Having a chromosome number that is not an exact multiple of the haploid number, caused by one chromosome set being incomplete.

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egg

A structure which the females of certain animal species lay as a means of reproduction, it contains a fertilized zygote and nutrition in the form of yolk for the developing offspring.

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fertilization

(Also known as syngamy). The fusion of gametes to initiate the development of a new individual organism. In animals, the process involves the fusion of an ovum with a sperm, which eventually leads to the development of an embryo.

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meiosis II

Prophase II, metaphase II, anaphase II, and telophase II. Begins with two haploid (n = 2) cells and ends with four haploid (n = 2) cells.

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crossing over

The exchange of genetic material between homologous chromosomes that results in recombinant chromosomes. It is one of the final phases of genetic recombination, which occurs during prophase I of meiosis during a process called synapsis.

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anaphase I

Chiasmata separate. Chromosomes, each with two chromatids, move to separate poles. Each of the daughter cells is now haploid (23 chromosomes), but each chromosome has two chromatids.

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anaphase II

The sister chromatids of each chromosome separate and move toward opposite poles. Once they are no longer connected, the former chromatids are called unreplicated chromosomes. As the chromosomes are dragged along by the spindle apparatus, their arms can be seen dragging along behind so that the chromosomes form V-shapes. The poles themselves move further apart as cytokinesis begins and the cell lengthens

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sperm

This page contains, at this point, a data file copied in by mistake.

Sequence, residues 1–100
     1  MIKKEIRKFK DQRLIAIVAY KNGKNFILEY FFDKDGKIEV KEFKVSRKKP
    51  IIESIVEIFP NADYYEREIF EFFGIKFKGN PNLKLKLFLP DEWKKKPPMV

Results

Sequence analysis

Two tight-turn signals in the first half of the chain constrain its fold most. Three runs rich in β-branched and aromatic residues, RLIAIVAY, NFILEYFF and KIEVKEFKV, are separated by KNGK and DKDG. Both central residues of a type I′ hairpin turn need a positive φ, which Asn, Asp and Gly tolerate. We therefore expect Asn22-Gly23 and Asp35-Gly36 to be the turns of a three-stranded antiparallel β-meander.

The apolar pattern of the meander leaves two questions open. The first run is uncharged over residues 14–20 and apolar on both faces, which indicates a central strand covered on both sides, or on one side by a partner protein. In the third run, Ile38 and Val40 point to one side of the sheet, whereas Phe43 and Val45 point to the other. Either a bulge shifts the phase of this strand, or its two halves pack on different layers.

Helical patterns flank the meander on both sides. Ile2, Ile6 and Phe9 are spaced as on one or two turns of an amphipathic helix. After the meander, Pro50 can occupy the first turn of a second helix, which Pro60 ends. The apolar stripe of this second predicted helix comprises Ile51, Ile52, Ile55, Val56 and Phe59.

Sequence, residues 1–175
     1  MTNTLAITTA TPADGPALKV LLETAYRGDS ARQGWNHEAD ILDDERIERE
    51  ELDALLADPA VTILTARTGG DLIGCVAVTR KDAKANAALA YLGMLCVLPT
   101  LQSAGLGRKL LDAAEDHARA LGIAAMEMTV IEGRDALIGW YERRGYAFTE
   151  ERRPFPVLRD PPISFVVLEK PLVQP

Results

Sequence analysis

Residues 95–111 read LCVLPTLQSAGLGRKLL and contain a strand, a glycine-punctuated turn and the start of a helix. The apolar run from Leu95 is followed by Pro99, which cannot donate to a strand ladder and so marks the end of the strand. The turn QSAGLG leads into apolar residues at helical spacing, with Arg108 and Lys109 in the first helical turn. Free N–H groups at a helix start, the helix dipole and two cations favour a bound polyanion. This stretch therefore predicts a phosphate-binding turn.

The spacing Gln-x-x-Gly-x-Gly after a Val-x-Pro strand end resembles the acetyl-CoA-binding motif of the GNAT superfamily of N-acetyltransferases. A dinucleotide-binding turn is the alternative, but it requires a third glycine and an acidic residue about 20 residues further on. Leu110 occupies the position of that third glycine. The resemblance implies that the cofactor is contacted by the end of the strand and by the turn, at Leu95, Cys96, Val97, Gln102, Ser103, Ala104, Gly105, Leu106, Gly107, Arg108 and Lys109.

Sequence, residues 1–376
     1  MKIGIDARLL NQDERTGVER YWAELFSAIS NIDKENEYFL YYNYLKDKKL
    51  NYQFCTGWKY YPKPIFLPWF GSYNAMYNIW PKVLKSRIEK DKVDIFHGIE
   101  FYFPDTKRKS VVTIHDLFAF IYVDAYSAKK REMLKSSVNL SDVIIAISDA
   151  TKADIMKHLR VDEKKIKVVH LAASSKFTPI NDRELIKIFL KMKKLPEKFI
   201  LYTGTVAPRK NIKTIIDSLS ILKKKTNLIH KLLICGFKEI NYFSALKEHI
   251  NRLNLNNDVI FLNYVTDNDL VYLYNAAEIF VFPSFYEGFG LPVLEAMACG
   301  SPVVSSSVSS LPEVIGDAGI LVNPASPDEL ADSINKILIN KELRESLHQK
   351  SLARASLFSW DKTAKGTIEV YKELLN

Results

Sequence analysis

The male gamete or reproductive cell involved in sexual reproduction. It is produced by a male organism that unites with the egg of a female organism forming a zygote.

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syngamy

The fusion of two cells, or of their nuclei, in reproduction.

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synapsis

The pairing of two homologous chromosomes that occurs during meiosis. It allows matching-up of homologous pairs prior to their segregation, and possible chromosomal crossover between them. Synapsis takes place during prophase I of meiosis.

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cell biology

A point of overlap of paired chromatids at which fusion and exchange of genetic material take place during prophase of meiosis.

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telophase I

At each pole, during this stage, there is a complete haploid set of chromosomes (but each chromosome still has two sister chromatids). A cleavage furrow appears, and by the end of this stage the parent cell has divided into two daughter cells. This separation of the cytoplasm is called cytokinesis. In some organisms nuclear envelopes appear briefly at this point (this intermediate stage is called interkinesis). But in others the daughter cells begin immediately to prepare for the second meiotic division.

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telophase II

The chromosomes reach opposite poles, cytokinesis occurs, the two cells produced by meiosis I divide to form four haploid daughter cells, and nuclear envelopes (white in the diagram) form. When the two cells are entirely separated and their nuclear membranes are fully formed, meiosis will be complete.